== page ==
Related Semiconductors Articles:

The future of semiconductors is clear
Mobility is a key parameter for semiconductor performance and relates to how quickly and easily electrons can move inside a substance.
Semiconductors can behave like metals and even like superconductors
The crystal structure at the surface of semiconductor materials can make them behave like metals and even like superconductors, a joint Swansea/Rostock research team has shown.
KIST unveils the mystery of van der Waals magnets, a material for future semiconductors
The Korea Institute of Science and Technology (KIST) have announced that their team successfully controlled the magnetic properties of FGT (Fe3GeTe2) in a joint research project with for Basic Science(IBS) team.
Blue-emitting diode demonstrates limitations and promise of perovskite semiconductors
Halide perovskites have garnered attention because they're highly efficient at capturing energy in solar cells and efficient emitters in diodes.
Bending an organic semiconductor can boost electrical flow
Slightly bending semiconductors made of organic materials can roughly double the speed of electricity flowing through them and could benefit next-generation electronics such as sensors and solar cells, according to Rutgers-led research.
Stretchable, degradable semiconductors
To seamlessly integrate electronics with the natural world, materials are needed that are both stretchable and degradable -- for example, flexible medical devices that conform to the surfaces of internal organs, but that dissolve and disappear when no longer needed.
Scientists spy unstable semiconductors
Scientists from Cardiff University have, for the first time, spotted previously unseen 'instabilities' on the surface of a common compound semiconductor material.
Researchers repurpose failed cancer drug into printable semiconductor
Many potential pharmaceuticals end up failing during clinical trials, but thanks to new research from the University of Illinois, biological molecules once considered for cancer treatment are now being repurposed as organic semiconductors for use in chemical sensors and transistors.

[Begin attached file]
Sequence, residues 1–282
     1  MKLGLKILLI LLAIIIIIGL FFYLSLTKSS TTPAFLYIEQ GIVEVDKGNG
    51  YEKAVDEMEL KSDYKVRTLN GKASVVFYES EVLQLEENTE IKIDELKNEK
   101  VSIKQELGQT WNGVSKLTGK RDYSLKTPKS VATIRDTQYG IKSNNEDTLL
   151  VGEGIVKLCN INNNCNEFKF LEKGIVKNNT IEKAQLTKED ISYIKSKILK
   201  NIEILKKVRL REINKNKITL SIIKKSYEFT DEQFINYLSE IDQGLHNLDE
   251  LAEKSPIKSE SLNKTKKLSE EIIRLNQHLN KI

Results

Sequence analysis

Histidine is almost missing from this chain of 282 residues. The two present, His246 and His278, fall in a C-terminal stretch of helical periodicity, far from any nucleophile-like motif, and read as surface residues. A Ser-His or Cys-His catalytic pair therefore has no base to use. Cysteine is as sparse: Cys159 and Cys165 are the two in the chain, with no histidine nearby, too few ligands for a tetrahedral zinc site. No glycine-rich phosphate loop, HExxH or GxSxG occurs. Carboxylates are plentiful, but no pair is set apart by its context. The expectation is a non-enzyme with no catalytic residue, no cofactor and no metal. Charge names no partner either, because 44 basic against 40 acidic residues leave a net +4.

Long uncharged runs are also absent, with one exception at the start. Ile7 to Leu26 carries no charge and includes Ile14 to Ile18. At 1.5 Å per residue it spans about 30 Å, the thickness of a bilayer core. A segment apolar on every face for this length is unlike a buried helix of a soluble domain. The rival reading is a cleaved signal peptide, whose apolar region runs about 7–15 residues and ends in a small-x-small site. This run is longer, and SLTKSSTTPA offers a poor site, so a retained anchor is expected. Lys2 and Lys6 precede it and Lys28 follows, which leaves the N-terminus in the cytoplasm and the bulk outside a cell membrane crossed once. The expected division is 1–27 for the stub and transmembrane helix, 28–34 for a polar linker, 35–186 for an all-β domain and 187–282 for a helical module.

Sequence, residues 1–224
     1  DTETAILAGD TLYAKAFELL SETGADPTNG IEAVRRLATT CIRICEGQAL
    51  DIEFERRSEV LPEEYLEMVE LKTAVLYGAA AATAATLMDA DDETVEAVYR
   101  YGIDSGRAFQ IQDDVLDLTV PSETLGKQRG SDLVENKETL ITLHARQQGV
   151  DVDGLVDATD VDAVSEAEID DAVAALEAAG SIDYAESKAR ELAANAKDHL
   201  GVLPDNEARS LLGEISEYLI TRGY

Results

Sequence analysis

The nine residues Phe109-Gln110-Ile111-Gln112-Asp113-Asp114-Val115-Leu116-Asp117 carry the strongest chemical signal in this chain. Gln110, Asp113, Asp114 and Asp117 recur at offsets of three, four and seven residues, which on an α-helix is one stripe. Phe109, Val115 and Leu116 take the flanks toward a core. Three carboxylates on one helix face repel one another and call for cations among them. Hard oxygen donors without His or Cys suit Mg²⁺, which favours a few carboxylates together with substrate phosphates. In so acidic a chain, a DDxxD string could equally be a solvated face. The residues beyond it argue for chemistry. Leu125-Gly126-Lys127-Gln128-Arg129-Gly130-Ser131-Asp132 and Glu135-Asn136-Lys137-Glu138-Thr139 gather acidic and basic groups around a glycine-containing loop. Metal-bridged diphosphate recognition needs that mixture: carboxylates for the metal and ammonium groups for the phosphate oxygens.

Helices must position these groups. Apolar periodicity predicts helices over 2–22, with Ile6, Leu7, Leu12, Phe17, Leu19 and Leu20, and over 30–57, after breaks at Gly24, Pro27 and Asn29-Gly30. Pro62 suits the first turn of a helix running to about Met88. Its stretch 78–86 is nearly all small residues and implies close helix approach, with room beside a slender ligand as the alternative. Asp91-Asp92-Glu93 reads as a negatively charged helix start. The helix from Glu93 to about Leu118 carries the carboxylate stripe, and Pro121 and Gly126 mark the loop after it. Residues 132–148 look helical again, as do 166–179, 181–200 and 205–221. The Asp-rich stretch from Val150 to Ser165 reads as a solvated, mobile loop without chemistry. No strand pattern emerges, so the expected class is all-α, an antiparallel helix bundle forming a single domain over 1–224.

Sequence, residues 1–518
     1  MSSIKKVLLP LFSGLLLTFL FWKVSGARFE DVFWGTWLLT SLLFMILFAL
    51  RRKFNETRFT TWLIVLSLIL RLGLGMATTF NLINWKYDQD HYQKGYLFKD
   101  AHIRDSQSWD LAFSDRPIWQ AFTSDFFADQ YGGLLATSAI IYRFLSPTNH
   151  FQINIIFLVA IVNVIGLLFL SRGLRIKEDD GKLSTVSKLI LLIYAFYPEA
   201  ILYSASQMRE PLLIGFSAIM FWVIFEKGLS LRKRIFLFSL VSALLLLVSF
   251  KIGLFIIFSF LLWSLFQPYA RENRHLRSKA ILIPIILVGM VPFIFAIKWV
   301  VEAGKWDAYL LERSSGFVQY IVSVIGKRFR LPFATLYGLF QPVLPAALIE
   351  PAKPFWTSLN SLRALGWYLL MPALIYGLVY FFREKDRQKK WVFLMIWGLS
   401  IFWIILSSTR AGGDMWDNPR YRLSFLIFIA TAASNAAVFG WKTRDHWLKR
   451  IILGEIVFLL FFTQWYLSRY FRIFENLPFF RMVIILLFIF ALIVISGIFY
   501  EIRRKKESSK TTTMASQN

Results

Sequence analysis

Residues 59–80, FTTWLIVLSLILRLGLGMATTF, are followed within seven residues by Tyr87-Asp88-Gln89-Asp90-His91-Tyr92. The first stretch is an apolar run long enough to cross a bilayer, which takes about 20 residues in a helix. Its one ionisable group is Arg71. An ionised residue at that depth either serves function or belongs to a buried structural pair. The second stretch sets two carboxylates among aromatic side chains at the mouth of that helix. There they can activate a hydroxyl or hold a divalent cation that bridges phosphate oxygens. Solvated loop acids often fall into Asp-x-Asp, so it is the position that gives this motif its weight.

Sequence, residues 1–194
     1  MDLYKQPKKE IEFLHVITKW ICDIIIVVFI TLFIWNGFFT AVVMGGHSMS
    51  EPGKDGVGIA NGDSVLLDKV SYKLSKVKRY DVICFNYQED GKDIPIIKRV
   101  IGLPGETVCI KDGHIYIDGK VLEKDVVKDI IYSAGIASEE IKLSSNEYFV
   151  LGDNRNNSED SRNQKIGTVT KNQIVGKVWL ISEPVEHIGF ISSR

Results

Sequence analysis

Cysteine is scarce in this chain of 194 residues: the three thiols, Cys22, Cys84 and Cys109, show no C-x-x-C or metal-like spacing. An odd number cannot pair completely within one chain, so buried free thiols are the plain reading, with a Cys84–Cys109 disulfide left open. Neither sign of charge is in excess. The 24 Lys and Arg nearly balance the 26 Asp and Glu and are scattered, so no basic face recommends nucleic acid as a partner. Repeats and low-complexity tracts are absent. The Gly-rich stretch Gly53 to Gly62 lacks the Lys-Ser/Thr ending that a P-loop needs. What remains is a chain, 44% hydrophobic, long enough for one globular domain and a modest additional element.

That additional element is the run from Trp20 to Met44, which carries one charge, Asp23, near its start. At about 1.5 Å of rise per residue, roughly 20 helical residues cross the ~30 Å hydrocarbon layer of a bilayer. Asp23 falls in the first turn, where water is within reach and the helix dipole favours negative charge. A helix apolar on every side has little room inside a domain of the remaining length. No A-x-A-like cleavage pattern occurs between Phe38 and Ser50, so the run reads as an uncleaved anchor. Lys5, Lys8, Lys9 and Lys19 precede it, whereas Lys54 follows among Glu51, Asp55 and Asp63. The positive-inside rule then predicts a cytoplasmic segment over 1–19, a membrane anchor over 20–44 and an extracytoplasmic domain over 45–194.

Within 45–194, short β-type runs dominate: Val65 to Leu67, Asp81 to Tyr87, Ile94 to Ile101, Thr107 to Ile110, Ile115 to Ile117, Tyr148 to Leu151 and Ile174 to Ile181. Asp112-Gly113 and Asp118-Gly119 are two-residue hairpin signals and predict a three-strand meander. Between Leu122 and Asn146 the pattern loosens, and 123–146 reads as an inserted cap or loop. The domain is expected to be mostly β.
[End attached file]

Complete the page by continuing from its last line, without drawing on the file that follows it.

Does one size does fit all? A new model for organic semiconductors
A team including researchers from Osaka University has used a single rubrene crystal to investigate the room temperature behavior of organic single crystals, and in so doing have dispelled previously-held assumptions based on inorganic semiconductor behavior.
UK researchers develop ultrafast semiconductors
UK researchers have developed world-leading Compound Semiconductor (CS) technology that can drive future high-speed data communications.
More Semiconductors News and Semiconductors Current Events

Trending Science News

Current Coronavirus (COVID-19) News

Top Science Podcasts

We have hand picked the top science podcasts of 2020.
Now Playing: TED Radio Hour

Climate Mindset
In the past few months, human beings have come together to fight a global threat. This hour, TED speakers explore how our response can be the catalyst to fight another global crisis: climate change. Guests include political strategist Tom Rivett-Carnac, diplomat Christiana Figueres, climate justice activist Xiye Bastida, and writer, illustrator, and artist Oliver Jeffers.
Now Playing: Science for the People

#562 Superbug to Bedside
By now we're all good and scared about antibiotic resistance, one of the many things coming to get us all. But there's good news, sort of. News antibiotics are coming out! How do they get tested? What does that kind of a trial look like and how does it happen? Host Bethany Brookeshire talks with Matt McCarthy, author of "Superbugs: The Race to Stop an Epidemic", about the ins and outs of testing a new antibiotic in the hospital.
Now Playing: Radiolab

Speedy Beet
There are few musical moments more well-worn than the first four notes of Beethoven's Fifth Symphony. But in this short, we find out that Beethoven might have made a last-ditch effort to keep his music from ever feeling familiar, to keep pushing his listeners to a kind of psychological limit. Big thanks to our Brooklyn Philharmonic musicians: Deborah Buck and Suzy Perelman on violin, Arash Amini on cello, and Ah Ling Neu on viola. And check out The First Four Notes, Matthew Guerrieri's book on Beethoven's Fifth. Support Radiolab today at Radiolab.org/donate.